Traffic Cameras Are Reducing Fatalities
Led by Washington, DC, which cut automobile related fatalities by 43 percent in 2012, we take a brief look at how traffic cameras are affecting budgets and statistics in various areas of the country. Read inside for data, research and other potential uses for the technology
Communities across the country are reporting increased revenues and declines in car-related fatalities as a result of traffic camera implementation.
A recent study from AAA indicated one traffic camera in Washington, D.C., has triggered 116,734 tickets totaling $11.6 million in two years as it uses automated processes to monitor driver adherence to traffic laws. The D.C. police reported 16 car-related fatalities in 2012, compared to 28 deaths one year prior. Law enforcement attributes the 43 percent reduction in fatalities in part to the effects of more traffic cameras throughout the city, the Washington Post reported.
About 582 communities in the U.S. use cameras to keep an eye on the roads to catch speed, red light and other traffic violations in real-time. As police are unable to see all drivers breaking the law, the cameras aim to offer a cost-efficient method of detecting violations and distributing fines. Many states have adopted the technology but 29 have yet to establish laws to govern their use in the community. The National Conference of State Legislatures reported 66 laws have been proposed to oversee traffic camera use, some in approval others looking to ban the practice.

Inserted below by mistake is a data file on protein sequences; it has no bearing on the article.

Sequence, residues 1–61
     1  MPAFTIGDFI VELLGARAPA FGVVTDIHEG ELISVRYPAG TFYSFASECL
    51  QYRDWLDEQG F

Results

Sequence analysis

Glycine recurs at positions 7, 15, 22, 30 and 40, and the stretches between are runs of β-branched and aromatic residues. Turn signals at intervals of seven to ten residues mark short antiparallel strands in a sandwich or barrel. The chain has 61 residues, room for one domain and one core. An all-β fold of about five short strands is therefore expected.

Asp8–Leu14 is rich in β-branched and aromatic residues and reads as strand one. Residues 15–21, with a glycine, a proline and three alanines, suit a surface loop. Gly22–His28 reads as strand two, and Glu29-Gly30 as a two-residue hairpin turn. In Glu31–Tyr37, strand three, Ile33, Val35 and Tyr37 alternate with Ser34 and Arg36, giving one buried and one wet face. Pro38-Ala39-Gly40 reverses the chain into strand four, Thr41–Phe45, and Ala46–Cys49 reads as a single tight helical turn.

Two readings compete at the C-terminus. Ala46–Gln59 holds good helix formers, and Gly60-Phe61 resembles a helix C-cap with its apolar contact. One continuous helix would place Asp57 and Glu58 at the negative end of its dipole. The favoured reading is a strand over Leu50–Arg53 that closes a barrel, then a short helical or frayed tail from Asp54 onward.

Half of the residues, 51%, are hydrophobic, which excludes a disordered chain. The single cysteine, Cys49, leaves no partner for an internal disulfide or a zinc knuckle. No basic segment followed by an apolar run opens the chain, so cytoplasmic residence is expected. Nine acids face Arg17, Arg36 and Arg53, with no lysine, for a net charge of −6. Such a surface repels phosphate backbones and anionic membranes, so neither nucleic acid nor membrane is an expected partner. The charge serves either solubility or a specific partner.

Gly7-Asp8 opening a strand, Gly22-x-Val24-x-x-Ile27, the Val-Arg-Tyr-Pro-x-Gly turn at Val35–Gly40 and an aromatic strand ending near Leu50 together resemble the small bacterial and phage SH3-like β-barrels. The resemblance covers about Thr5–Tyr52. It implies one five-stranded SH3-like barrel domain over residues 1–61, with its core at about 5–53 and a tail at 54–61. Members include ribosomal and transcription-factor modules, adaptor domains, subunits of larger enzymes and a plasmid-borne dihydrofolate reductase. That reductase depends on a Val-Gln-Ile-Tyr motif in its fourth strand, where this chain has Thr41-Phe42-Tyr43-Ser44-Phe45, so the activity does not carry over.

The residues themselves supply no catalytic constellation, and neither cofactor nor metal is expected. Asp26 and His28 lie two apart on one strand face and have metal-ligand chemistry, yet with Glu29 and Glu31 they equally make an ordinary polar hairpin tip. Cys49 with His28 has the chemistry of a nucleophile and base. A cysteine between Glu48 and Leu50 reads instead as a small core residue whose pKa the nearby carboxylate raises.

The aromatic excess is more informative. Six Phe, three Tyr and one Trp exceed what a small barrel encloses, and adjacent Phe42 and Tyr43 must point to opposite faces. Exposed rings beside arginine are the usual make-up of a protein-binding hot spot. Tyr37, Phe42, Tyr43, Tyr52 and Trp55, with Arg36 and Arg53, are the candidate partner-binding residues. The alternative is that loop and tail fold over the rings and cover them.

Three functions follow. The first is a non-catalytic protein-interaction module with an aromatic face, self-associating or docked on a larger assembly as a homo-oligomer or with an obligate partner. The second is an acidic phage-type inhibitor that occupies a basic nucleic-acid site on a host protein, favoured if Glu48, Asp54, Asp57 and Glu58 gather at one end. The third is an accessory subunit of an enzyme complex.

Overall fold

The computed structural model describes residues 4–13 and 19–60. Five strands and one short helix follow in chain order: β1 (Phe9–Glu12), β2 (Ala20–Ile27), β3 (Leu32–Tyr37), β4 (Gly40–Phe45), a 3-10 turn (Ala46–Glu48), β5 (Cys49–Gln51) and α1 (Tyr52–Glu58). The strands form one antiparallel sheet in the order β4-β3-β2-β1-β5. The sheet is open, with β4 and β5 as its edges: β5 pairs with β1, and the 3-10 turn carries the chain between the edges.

The New York Times reported on significant research supporting camera use to reduce fatalities and improve safe driving behavior. The Insurance Institute for Highway Safety discovered a notable drop in red-light violations once cameras were installed – in both intersections being electronically monitored and those without the devices.
Iowa’s Department of Transportation is investigating the effectiveness of traffic cameras in Davenport and other cities to determine their return on investment and establish rules for governance. In Davenport, traffic cameras generate more than $1 million annually in fines, and about $4 million in Cedar Rapids. The DOT is working with cities to compile and analyze data on the technology to determine how to optimize safety benefits. The oversight process includes:
- Data analysis to locate the best spots for camera installation
- Submission of justification reports to demonstrate the need and benefits of each camera installation
- Approval by officials to automate traffic enforcement
As the technology is raising privacy issues in many communities, the Iowa DOT is hoping to use the cameras as a counter-measure to correct problem areas rather than a first option for improving safety.
Many law enforcement officials are embracing traffic cameras and the many benefits they offer. Not only do automated monitoring systems help catch speeders and red light violators, but can also take images of license plates when other criminals leave a scene or are on the run. Expanding the use of red light cameras to support other police activities, however, would require comprehensive laws to protect individual rights of drivers.
Growth Pattern of Camera Adoption